Continuing Studies

Stanley Gabor, dean of the school, has been named dean emeritus, effective July 1.


Roger A. Johns, a cardiac anesthesiologist and expert on the nitric oxide signaling pathway and its roles in pain, anesthesia and vascular biology, has been named professor and chairman of the Department of Anesthesiology and Critical Care Medicine. Prior to joining Hopkins, Johns served as professor and acting chair of Anesthesiology at the University of Virginia Medical School, where he had been on the faculty since 1987. He received his bachelor's degree in biological sciences from Stanford University in 1977 and his medical degree from Wayne State University School of Medicine in 1981. He served residencies in internal medicine and anesthesiology at UVA and stayed on to complete fellowships in pharmacology and cardiac anesthesiology before joining the faculty. Johns is the brother of Michael M.E. Johns, a former dean of the School of Medicine.


Kimberly Connolly, a junior, is one of 20 nursing students nationwide to be named a Fuld Fellow. The Fuld Fellowship program focuses on three goals: developing individual capacity for leadership, strengthening understanding of broader health care systems and providing a foundation for understanding the effects of public policy on health care delivery and nursing practice. Before pursuing a nursing degree at Hopkins, Connolly received a bachelor's degree in political science from Dickinson College and spent time in the Peace Corps, providing health education for mothers and their children in Niger, West Africa. After she graduates, Connolly plans to practice nursing overseas or in a rural area of the United States.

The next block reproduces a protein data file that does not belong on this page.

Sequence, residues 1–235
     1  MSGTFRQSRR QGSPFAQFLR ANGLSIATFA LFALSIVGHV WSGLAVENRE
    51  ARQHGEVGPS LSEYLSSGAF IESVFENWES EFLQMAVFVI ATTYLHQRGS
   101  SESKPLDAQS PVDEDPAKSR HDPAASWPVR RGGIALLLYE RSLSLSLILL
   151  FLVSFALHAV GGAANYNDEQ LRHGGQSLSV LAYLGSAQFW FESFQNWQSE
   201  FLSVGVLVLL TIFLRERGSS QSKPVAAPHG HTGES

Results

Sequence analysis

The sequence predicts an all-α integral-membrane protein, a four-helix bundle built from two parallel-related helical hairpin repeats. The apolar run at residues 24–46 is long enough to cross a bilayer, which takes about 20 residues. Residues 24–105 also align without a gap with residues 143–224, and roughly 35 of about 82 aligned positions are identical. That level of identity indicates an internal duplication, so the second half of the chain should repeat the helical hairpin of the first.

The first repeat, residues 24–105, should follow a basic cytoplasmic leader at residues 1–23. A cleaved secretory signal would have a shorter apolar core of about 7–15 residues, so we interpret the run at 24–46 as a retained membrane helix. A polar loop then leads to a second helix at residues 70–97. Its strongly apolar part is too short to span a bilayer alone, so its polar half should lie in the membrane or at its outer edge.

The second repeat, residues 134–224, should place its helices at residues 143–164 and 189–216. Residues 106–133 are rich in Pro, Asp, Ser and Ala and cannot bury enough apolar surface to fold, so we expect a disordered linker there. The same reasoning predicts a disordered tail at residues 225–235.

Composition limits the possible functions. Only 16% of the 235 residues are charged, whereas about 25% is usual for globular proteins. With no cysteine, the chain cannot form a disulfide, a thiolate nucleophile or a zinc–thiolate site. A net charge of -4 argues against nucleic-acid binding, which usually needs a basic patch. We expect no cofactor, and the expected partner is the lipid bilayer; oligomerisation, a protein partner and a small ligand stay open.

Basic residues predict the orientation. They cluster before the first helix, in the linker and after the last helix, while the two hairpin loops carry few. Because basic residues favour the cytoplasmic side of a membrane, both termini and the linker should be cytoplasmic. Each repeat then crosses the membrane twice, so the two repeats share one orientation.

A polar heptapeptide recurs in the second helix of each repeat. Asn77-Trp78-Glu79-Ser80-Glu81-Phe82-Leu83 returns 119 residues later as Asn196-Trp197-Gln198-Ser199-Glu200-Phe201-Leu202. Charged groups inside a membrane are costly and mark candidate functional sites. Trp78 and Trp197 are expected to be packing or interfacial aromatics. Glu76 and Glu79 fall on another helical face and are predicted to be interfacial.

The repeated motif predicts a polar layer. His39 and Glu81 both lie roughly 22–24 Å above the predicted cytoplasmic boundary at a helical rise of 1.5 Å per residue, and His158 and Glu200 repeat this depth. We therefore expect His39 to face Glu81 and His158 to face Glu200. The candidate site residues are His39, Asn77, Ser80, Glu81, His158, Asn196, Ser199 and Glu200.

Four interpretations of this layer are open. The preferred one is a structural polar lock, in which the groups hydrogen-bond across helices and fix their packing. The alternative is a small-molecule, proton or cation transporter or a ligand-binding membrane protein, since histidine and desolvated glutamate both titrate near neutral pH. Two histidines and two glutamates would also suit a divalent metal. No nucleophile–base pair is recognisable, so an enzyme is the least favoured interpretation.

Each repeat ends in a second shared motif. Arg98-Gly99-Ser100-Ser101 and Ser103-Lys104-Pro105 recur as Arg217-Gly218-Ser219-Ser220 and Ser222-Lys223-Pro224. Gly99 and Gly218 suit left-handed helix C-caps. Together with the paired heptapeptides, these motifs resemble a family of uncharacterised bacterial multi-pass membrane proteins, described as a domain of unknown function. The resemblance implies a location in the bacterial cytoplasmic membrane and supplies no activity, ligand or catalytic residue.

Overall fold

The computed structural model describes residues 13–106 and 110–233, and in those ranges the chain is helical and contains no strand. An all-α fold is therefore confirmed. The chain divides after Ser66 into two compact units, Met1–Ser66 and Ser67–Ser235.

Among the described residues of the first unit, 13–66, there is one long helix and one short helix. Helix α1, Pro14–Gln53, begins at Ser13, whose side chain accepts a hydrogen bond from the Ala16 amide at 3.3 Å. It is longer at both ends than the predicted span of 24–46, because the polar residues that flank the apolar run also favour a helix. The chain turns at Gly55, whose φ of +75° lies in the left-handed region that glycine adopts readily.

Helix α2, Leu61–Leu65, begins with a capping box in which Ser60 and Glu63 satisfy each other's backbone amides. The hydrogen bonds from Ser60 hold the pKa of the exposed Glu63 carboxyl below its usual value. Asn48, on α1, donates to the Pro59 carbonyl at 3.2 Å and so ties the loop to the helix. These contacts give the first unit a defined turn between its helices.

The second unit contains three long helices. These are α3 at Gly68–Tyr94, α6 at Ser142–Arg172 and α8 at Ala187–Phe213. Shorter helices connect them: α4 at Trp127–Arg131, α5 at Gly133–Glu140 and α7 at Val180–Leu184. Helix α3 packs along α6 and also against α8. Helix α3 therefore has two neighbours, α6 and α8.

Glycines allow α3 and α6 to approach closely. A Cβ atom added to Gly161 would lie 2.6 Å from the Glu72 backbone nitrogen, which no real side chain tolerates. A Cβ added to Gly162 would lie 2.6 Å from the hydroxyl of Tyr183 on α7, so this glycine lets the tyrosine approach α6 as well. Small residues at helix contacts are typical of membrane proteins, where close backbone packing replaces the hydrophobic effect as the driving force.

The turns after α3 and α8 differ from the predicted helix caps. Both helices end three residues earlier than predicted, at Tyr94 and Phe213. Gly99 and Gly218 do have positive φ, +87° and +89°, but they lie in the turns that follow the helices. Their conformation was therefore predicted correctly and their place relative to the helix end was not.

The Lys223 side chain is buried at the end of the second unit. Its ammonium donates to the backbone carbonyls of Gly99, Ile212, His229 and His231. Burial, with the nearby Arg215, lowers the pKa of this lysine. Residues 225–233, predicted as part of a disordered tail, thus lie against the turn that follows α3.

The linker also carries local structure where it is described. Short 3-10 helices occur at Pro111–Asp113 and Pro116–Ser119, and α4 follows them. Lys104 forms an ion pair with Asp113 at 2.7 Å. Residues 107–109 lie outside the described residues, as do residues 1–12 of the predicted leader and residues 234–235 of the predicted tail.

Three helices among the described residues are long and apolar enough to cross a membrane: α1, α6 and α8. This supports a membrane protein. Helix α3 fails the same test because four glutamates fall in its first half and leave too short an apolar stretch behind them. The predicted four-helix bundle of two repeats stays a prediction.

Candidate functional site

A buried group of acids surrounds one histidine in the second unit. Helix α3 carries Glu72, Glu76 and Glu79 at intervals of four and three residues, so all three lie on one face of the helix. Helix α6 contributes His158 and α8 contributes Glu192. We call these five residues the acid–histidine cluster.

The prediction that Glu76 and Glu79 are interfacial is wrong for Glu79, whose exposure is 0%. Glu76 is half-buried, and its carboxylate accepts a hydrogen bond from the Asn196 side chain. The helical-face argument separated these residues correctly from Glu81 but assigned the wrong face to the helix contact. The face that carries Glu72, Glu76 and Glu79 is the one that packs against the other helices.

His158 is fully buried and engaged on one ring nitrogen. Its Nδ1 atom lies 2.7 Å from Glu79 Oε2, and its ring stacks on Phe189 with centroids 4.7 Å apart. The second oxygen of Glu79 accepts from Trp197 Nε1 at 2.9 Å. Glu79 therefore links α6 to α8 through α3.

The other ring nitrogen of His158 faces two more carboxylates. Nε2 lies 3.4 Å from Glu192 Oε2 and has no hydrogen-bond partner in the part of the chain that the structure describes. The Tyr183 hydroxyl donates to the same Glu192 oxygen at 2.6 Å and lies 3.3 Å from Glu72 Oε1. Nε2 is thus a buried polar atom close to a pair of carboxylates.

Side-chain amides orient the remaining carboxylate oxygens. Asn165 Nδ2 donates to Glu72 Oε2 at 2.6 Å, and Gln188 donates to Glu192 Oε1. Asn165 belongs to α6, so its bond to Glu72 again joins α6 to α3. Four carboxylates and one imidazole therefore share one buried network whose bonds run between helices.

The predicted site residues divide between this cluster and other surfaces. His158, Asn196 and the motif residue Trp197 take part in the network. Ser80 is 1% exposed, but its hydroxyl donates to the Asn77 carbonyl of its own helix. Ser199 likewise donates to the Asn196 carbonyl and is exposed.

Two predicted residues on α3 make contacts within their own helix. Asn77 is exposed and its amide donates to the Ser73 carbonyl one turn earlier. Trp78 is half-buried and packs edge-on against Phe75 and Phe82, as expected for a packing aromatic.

Public Health

D.A. Henderson, University Distinguished Service Professor, International Health, and dean emeritus of the school, was honored by the Joseph L. Mailman School of Public Health at Columbia University, during its 75th anniversary celebrations, with the 1999 Frank A. Calderone Award.

Stephen Nurse, Renata Arrington and Michael Nnadi, all of the graduate program in health care administration, participated in the fourth annual Everett V. Fox Student Case Analysis and Presentation Competition held in Lake Buena Vista, Fla., in April.

The Center for Human Nutrition has announced the awarding of four prizes. Shih-Chen Chang, International Health, is to receive the 1999 Elsa Orent Keiles Fellowship in Human Nutrition; Victoria Gamino and Gromek Smolen, Biochemistry, will each receive the 1999 Harry Kruse Award in Nutrition; and Anuraj Shankar, assistant scientist, International Health, will be awarded the 1999 Harry Prebluda Fellowship in Nutritional Biochemistry.

The Alpha chapter's 1999 Delta Omega Scholarship recipients are Alison P. Klein, Epidemiology; Garrett L. Mehl, International Health; Thomas R. Ulrich, Molecular Microbiology and Immunology; Brad C. Astor, Epidemiology; Katarzyna Piech, International Health; Tomlin J. Paul, Epidemiology; and Hanh H. La, Epidemiology.